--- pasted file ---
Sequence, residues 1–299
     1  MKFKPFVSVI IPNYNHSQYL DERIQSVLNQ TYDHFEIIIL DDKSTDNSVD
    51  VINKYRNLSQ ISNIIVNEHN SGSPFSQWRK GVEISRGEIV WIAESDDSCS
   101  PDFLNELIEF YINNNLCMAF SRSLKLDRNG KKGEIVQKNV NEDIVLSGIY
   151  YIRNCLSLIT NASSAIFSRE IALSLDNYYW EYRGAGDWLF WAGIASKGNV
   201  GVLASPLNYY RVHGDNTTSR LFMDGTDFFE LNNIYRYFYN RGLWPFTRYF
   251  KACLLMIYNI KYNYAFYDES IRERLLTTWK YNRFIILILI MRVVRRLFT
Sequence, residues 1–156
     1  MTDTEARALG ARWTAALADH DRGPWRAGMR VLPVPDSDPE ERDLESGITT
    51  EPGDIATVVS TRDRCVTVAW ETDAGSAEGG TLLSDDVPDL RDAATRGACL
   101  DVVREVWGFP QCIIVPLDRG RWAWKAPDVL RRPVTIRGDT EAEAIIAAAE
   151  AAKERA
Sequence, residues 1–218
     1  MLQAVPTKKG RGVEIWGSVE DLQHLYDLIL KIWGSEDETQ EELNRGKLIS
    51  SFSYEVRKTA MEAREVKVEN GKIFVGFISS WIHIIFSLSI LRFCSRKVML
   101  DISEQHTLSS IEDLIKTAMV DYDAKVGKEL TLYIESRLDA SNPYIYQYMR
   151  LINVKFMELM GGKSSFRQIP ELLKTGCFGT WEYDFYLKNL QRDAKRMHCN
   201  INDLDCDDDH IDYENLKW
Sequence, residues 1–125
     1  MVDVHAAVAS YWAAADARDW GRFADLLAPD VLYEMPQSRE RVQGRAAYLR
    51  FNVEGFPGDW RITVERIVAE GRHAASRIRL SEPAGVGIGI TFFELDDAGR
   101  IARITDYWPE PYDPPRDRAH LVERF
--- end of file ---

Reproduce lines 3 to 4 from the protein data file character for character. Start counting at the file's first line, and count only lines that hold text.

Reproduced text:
    51  VINKYRNLSQ ISNIIVNEHN SGSPFSQWRK GVEISRGEIV WIAESDDSCS
   101  PDFLNELIEF YINNNLCMAF SRSLKLDRNG KKGEIVQKNV NEDIVLSGIY